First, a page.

“I think we have to be very, very cautious and make sure we take a good look at this,” Rataiczak said. “We can’t say to the schools that it’s OK to knowingly break the rules and think you’re going to get away with it.”

Rataiczak indicated the OVAC’s executive board will definitely look at what transpired at it’s next meeting, which is slated for Feb. 27.

“We are looking at it,” Rataiczak said. “A decision won’t be made until the board meets. We don’t want to make a knee-jerk reaction, so we need to sit and really take a look at it.”

There’s a chance Buckeye Local could come up with a self-imposed punishment and submit it to the conference. Rataiczak points out the final decision, though, will be made by the executive board.

“We would take and consider what Buckeye Local came up with, by all means,” Rataiczak said. “But, would we follow it? I’m not sure because it’s up to the board. We have superintendents, principals, four from each state, who are great people. These are people who are actively involved at their respective state level and they’ll make the final decision.”

Miller and other Buckeye Local officials will continue to look into the events of last weekend before making any sort of final decision.

“At this point, we will have to consider all of the information and study the situation further,” Miller said. “Then we will make a decision as to if we want to continue to compete in the OVAC championship for cheerleading.”

The judging of competitions such as cheering, pageants, gymnastics or ice skating are often times questioned because of the decisions are subjective.

According to Rataiczak, the OVAC cheering competition utilizes five judges for scoring and two safety judges. The highest score and lowest score are added together and averaged. The remaining three scores are added to that averaged score for the raw score.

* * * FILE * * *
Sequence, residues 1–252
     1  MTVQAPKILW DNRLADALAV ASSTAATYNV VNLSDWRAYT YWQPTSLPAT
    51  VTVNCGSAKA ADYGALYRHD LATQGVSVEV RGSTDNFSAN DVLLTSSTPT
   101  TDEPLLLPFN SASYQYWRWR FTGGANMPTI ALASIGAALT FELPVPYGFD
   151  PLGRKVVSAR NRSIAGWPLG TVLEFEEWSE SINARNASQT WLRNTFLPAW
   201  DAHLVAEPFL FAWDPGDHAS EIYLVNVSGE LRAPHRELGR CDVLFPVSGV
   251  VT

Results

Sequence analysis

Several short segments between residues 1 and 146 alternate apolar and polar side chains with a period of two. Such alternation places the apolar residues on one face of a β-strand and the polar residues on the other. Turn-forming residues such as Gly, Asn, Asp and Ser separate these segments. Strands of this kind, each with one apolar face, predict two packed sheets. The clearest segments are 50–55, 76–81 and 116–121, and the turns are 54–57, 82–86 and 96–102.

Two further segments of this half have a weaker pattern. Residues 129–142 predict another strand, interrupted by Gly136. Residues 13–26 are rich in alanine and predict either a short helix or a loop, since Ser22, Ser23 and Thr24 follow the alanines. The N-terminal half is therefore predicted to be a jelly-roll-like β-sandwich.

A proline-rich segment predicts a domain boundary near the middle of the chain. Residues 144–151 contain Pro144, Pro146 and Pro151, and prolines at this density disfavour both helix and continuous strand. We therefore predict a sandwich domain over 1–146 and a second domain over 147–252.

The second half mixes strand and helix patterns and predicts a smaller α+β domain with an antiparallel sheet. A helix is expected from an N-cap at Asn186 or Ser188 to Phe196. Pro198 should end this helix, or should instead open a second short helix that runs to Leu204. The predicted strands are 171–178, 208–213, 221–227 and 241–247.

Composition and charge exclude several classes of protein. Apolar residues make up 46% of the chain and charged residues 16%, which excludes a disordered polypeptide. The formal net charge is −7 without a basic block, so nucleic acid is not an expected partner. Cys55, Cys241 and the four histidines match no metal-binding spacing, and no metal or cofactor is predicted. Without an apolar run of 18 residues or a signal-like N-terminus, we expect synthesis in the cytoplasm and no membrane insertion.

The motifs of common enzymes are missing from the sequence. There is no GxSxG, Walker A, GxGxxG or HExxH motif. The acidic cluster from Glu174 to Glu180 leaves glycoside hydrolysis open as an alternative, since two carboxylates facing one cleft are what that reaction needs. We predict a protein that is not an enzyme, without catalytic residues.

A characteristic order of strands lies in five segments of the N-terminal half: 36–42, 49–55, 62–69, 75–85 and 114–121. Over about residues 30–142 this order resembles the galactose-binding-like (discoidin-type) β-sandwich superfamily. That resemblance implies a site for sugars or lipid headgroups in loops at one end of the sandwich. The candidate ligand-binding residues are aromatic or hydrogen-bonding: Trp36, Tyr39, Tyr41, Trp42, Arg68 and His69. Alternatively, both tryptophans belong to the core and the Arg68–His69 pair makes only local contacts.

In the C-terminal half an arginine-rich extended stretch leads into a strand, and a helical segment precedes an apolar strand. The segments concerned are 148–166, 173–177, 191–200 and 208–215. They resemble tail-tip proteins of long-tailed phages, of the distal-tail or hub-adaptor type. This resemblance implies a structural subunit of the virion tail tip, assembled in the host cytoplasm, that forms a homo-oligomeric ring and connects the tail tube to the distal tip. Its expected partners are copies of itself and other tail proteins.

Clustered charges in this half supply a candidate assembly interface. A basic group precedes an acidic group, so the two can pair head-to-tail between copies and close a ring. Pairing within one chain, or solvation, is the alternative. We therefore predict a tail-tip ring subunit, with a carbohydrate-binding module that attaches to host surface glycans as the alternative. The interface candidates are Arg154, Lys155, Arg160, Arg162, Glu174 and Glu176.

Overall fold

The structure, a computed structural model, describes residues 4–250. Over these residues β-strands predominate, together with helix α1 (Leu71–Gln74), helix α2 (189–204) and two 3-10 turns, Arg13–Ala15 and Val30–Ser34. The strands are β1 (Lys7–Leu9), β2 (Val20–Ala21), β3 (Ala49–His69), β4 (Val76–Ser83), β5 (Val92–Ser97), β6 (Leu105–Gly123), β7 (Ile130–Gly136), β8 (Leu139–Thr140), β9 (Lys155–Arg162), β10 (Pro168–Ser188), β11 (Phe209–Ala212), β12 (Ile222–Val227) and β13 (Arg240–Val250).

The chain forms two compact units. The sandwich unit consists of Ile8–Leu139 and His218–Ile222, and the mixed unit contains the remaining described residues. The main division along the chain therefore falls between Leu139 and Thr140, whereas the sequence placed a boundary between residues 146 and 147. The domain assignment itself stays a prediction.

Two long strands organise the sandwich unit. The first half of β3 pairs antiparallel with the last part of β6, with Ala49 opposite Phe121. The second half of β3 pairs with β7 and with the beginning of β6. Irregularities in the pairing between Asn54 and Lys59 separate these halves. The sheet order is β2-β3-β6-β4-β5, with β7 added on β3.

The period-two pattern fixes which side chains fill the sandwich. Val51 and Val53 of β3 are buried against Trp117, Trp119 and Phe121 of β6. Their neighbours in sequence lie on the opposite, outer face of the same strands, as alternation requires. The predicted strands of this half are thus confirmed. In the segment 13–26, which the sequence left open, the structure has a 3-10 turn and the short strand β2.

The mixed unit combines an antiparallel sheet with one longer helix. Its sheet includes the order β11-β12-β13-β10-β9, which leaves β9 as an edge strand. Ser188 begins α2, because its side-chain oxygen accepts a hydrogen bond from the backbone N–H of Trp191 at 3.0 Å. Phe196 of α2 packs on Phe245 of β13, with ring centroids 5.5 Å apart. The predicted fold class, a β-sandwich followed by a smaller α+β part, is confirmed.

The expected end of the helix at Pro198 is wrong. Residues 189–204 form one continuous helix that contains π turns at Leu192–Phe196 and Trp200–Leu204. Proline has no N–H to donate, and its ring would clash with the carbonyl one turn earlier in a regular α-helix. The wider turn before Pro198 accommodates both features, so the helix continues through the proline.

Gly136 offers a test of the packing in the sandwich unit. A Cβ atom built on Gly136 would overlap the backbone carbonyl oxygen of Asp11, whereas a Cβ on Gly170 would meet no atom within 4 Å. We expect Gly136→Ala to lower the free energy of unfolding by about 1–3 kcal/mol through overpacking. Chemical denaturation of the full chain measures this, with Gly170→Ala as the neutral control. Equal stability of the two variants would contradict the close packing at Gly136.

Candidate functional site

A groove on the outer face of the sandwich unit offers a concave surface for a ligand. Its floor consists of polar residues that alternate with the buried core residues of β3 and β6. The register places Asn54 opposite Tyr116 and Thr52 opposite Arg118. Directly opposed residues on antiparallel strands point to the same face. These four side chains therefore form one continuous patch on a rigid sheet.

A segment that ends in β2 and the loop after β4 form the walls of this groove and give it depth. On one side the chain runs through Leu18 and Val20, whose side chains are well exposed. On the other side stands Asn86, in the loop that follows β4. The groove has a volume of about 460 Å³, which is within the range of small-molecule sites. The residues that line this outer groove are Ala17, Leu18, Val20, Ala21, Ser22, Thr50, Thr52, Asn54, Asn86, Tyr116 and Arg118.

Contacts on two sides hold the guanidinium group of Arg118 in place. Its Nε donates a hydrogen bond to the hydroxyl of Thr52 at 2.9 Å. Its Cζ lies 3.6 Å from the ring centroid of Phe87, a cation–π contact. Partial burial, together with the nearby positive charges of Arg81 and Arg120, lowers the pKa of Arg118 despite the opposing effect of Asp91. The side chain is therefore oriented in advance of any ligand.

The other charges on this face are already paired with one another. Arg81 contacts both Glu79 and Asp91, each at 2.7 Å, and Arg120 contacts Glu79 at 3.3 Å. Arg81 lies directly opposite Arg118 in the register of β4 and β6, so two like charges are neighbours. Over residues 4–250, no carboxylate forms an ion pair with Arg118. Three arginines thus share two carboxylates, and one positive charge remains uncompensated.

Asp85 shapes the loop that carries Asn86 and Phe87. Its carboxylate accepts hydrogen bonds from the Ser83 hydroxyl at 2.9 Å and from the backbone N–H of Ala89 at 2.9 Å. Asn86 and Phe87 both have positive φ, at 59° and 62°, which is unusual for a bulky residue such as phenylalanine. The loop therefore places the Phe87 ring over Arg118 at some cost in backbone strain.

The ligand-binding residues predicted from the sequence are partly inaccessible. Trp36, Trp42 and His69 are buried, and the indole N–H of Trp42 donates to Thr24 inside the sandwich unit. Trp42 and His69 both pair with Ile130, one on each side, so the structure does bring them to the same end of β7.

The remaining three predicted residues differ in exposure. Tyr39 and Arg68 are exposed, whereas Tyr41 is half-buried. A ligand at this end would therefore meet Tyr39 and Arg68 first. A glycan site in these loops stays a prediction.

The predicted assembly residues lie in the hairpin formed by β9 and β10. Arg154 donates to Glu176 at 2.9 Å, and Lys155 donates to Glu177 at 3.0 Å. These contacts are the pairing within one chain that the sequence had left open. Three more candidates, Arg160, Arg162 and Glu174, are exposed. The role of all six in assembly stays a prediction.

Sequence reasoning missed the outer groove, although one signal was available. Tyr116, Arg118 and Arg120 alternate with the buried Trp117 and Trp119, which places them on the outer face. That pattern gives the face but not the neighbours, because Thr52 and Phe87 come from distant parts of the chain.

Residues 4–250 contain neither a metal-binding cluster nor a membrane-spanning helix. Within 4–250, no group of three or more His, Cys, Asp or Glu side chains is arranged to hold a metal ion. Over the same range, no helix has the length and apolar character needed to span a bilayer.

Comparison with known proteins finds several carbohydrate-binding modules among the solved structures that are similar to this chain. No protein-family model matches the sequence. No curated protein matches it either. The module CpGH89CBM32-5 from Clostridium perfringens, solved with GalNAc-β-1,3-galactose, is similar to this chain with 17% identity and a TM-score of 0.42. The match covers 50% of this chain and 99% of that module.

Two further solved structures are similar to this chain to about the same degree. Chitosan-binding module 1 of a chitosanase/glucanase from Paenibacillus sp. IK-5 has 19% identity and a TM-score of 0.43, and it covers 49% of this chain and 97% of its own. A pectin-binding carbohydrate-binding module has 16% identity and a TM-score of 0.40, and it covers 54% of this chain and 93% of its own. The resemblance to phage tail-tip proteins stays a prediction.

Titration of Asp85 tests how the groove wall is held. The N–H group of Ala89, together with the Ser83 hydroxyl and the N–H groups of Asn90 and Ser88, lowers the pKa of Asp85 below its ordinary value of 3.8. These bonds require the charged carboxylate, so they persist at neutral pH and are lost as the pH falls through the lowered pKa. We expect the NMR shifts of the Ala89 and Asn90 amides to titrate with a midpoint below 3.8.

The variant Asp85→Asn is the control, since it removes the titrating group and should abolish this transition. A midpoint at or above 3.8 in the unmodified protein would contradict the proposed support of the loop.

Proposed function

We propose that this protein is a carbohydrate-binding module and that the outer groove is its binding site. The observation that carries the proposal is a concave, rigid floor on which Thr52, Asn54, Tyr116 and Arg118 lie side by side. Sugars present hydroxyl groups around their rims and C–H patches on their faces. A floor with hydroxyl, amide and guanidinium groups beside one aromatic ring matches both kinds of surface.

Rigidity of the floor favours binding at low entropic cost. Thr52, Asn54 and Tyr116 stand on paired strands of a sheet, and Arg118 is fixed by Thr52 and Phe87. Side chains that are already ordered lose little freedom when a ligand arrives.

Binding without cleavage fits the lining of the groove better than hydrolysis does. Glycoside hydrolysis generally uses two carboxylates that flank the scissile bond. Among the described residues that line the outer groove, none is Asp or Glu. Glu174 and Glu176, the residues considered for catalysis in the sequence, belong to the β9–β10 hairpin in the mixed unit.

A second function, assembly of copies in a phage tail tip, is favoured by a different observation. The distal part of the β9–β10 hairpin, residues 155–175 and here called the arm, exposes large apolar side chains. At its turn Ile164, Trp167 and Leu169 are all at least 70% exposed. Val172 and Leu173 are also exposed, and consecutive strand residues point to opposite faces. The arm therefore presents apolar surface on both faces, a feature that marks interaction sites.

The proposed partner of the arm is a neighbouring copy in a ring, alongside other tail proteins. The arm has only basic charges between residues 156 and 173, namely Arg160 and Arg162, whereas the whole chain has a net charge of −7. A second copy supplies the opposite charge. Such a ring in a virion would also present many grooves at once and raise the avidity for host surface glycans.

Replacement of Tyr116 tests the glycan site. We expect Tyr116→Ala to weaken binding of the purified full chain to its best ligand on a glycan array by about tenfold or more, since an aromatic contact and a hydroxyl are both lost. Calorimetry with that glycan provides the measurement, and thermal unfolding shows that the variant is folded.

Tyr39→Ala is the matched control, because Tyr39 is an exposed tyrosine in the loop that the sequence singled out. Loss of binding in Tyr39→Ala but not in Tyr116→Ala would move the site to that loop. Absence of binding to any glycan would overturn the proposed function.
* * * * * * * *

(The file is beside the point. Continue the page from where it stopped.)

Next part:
From there, the safety judges make their deductions based on violations such as safety, rules or time violations. Once those subtractions are made, the team has it’s actual score.

“You can argue subjectivity and objectivity, but a person can’t single-handedly factor into the results,” Rataiczak said.

It’s in the judging where some of Miller’s concerns lie.

“I admit that I am unfamiliar with the cheering competition and the rules, but considering the recent events, I feel that there needs to be more transparency where the rules and judging are concerned,” said Miller. “It may bring to light some things that need to be revisited.”

As for the future of the event, which has dealt with its fair share of controversy over the years, Rataiczak doesn’t see it getting to the point where the OVAC steps away from crowning cheering champions.

“The thing is you take school ‘A’ for instance, it comes every year, participates every year, comes back the next year and the kids just love to compete. For them it’s not about winning and losing,” Rataiczak said. “If we took the event away, it would be taking away a chance for those kids to compete and showcase their talents.”

The OVAC has a band showcase in the fall that’s not judged, but offers a chance for the marching bands of the conference to display their talents. Could it get to that point for the cheering squads?

“Cheering is a sport in West Virginia, and I believe it will be eventually in Ohio,” Rataiczak said. “So, for the fact that you have even half the teams who are taking part in a state-certified sport, I don’t see it getting to the point where it’s not judged.”